The Greatest Trumpet Players – Our Top 5
The trumpet and the saxophone arguably make up two of the most integral instruments in jazz when it comes to soloing and the general direction which the music genre developed in over the years. As such, we thought we’d give you our list of the Top 5 Greatest Trumpet Players!
Although some of the heavyweights of jazz such as John Coltrane, Charlie Parker, Sonny Rollins, Lester Young to name a few, were all sax players, we at VW think that it was the trumpet players who really moved the music into new directions and gave it the leaps it needed. By the way, do check out our Top 10 Greatest Saxophone Players as well!
Taking a quick stroll down memory lane, it was really Louis Armstrong (especially when performing in the timeless duet with Ella Fitzgerald) who really popularized the Dixiland jazz at the time and made it a more popular and commercial form of music.
Fast forward to the birth of bebop, most recognizably characterized by the lightning performances and energy of Charlie Parker. And yet it can be argued that the other two champions of bebop – Dizzie Gillespie and Miles Davis – are the ones who then managed to take that music and evolve it into something completely new (bearing in mind that unfortunately, Parker wasn’t around to see or influence it).
Skipping all the way to today’s time, the trumpet is just as important to jazz as it was in every preceding decade and it’s artistry is carried by fantastic names like Wynton Marsalis, Arturo Sandoval, Till Bronner to name a few.
But here is a list of VW’s Greatest Trumpet Players with little snippets showing precisely why they made our list. Can we just put this disclaimer out here first – it’s nearly impossible to pick a “Top 5”, but if we absolutely had to, here’s what it would look like.
Greatest Trumpet Players
5. Freddie Hubbard
Born in Indianapolis, Hubbard has made a name for himself as one of the greatest trumpet players in jazz, having played with names like Sonny Rollins, Wes Mongomery, John Coltrane, and Quincy Jones to name a few.
His fame came as a result of his time with Art Blakey and the Jazz Messengers, having played in that band from 1961-64 together with Wayne Shorter. He later recorded Ascension with John Coltrane in 1964 and went on to work on a number of projects with the likes of Herbie Hancock and Max Roach.
A true technical maestro, and not too dissimilar in style and sound from Clifford Brown, Hubbard is truly one which belongs in the upper echelons of jazz.
4. Clifford Brown
The premature death of Clifford Brown as a result of a car accident at age 25 remains as one of the greatest tragedies of jazz. Brown’s warm, fat tone, his hard-bop style and incredible improvisation technique quickly allowed him to climb to the top of the jazz world at such a young age.
Even in such a short-lived career, he was compared to the likes of Dizz and Miles, making a name for himself as one of the greatest trumpet players to ever blow the horn. Just a few hours before his death, Brownie appeared at a jam session in Philadelphia that was miraculously recorded, and played some of the finest music of his short life.
Unfortunately there doesn’t exist much live footage of Brown, so we will have to make due with studio recordings for the purposes of this list.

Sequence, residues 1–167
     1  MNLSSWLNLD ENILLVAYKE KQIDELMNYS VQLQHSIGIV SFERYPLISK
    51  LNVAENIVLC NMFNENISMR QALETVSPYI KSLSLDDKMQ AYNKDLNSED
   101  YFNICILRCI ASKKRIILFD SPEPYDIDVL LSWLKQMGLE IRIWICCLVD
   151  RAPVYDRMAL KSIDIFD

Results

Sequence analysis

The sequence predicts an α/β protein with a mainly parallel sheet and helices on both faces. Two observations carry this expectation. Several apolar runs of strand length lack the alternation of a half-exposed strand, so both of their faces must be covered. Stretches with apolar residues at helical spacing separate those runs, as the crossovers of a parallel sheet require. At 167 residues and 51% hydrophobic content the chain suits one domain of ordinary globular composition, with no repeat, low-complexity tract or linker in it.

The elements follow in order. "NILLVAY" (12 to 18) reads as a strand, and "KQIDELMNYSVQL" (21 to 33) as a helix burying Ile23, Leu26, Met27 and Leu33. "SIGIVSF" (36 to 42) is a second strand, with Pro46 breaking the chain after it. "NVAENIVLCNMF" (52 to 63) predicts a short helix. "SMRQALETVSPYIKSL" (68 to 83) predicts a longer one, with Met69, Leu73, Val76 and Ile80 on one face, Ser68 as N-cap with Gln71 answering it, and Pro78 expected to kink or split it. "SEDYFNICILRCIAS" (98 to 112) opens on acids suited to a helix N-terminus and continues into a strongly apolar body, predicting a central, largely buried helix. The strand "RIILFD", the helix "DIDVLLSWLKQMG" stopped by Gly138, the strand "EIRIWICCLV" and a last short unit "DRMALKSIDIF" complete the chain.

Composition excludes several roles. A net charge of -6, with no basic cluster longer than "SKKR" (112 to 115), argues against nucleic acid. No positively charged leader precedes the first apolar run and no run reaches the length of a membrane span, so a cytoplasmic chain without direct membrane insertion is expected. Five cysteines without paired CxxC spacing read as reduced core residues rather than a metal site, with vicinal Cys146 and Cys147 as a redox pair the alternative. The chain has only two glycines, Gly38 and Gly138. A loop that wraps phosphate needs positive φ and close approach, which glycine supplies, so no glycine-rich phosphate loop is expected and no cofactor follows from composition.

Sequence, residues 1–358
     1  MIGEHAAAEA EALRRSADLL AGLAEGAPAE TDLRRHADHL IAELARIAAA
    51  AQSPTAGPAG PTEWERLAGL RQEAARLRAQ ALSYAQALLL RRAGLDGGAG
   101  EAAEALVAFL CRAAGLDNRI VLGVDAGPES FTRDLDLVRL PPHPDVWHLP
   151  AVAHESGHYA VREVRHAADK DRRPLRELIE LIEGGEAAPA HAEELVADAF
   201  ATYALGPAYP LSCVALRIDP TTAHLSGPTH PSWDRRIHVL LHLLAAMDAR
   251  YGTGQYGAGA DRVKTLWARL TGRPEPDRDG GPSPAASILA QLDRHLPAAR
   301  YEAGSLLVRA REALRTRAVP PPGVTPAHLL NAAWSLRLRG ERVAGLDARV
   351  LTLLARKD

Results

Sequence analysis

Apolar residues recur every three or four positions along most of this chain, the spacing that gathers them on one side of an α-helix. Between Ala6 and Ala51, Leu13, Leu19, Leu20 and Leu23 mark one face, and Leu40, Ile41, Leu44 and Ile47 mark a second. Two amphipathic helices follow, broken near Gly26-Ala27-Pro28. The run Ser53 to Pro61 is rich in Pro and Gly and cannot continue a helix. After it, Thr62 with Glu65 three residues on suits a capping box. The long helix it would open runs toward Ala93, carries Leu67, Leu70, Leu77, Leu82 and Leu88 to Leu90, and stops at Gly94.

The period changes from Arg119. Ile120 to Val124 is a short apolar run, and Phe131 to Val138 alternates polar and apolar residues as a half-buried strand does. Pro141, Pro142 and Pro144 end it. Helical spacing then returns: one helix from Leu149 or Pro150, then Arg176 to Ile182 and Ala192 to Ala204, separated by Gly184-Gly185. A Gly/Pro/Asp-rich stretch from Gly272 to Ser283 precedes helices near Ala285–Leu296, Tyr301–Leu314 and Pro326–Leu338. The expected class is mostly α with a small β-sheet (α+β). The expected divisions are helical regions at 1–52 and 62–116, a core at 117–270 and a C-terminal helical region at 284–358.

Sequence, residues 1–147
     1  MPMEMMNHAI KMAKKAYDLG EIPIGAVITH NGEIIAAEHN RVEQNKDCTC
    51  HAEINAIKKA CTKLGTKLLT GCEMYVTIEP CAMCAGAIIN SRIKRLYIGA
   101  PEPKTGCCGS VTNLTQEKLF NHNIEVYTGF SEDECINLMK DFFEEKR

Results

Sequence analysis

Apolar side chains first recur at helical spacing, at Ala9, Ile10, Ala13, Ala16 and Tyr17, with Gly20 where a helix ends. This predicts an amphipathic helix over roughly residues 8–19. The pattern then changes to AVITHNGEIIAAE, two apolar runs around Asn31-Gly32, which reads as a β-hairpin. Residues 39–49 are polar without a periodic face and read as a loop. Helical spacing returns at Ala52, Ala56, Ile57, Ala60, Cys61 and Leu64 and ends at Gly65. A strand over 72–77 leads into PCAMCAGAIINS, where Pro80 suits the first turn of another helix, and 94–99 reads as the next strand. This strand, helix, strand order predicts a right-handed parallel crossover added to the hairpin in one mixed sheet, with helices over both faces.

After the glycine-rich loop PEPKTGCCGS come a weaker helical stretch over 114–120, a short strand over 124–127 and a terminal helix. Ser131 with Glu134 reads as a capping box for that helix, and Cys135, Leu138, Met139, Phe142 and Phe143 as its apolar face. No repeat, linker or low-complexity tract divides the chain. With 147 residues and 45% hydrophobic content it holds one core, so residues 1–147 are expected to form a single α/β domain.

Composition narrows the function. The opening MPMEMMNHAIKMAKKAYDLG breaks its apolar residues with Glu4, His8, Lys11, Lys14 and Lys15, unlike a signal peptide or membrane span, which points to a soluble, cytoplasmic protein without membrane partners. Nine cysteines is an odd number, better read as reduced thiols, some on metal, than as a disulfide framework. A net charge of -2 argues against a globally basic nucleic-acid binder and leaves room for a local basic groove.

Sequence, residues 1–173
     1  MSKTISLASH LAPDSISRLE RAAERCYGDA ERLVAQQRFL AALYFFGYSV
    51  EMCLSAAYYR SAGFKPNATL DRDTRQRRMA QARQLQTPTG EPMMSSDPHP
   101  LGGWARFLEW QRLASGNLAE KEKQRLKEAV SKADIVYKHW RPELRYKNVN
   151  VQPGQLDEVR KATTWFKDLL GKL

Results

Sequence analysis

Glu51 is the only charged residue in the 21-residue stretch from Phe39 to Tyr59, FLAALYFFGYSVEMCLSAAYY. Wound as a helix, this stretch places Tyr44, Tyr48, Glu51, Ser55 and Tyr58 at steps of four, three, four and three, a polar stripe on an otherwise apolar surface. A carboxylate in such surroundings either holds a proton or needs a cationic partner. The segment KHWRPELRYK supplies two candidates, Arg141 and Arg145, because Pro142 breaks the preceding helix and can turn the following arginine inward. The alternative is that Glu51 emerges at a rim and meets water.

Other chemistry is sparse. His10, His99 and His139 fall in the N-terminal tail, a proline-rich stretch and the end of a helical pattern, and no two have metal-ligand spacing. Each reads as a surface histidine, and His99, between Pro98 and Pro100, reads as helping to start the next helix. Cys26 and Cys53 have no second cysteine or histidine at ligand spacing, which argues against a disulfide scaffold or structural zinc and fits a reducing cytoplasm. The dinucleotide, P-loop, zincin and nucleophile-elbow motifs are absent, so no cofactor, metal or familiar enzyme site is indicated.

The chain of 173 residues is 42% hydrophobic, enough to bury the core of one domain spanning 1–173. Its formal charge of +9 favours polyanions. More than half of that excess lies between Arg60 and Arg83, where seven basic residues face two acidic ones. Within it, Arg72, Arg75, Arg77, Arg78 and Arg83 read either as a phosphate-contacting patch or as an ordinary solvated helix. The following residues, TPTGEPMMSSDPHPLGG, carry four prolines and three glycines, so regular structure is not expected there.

3. Chet Baker
The poster boy of West Coast Cool. The James Dean of jazz. Unlike most of the beboppers of the 50s, who played ferociously with ridiculous dexterity, Chet’s signature sound was characterized by a minimalist eloquence.
His use of space and time is reminiscent of Miles, but Chet had the voice which could transform any song into deeply melancholic masterpiece.
Unfortunately, greatness comes at a cost and for Chet that was a long addiction to heroin which ultimately resulted in a number of unpleasant run-ins and one of the worst cases of premature ageing we’ve ever seen since Keith Richards.
His documentary – Almost Blue – remains one of the most touching and somehow melancholic and heartbreaking documentaries we’ve seen, but the music in it is wonderful and we absolutely recommend for everyone to see it!
2. Dizzy Gillespie
Dizzy is undoubtedly one of the most important figures in bebop next to Charlie Parker.
Prior to teaming up with Parker and Miles Davis later on, Dizzy played in a number of outfits for the likes of Ella Fitzgerald, Coleman Hawkins, Cab Calloway, and Duke Ellington, among others.
Always a bright and energetic figure with a terrific sense of humour he was a talented band leader and a technical virtuoso on the horn who possessed a set of balloons for cheeks which gave him one of the most memorable faces in all of jazz.
We’ve featured Dizzy Gillespie’s incredible Concert of the Century previously as part of our Jazz subscription Records of the Month – January 2021!
1. Miles Davis
Miles once said “Anybody can play. The note is only 20 percent. The attitude of the motherfucker who plays it is 80 percent.”. Miles was 120% attitude. Infamous for never acknowledging his audience, sometimes playing with his back to them and rarely uttering a word, he is one of the all-time greatest symbols of cool and pioneers of music.
It’s no surprise that Miles has worked with the all-time who’s who of jazz, starting with the early names of bebop including Charlie Parker, Dizz, Coltane and Cannonball and moving all the way through to modern electric jazz with Chick Corea, Wayne Shorter, Joe Zawinul and even Marcus Miller.
Miles was the engine which drove jazz into each new direction that it took, and he managed to bring it to the absolute peak every time. A perfectionist and a ruthless band leader, Miles is without a doubt the reason jazz is what it is and his influence can be heard in almost any tune heard today.
There really can be no other at the top of the list of the greatest trumpet players of all time!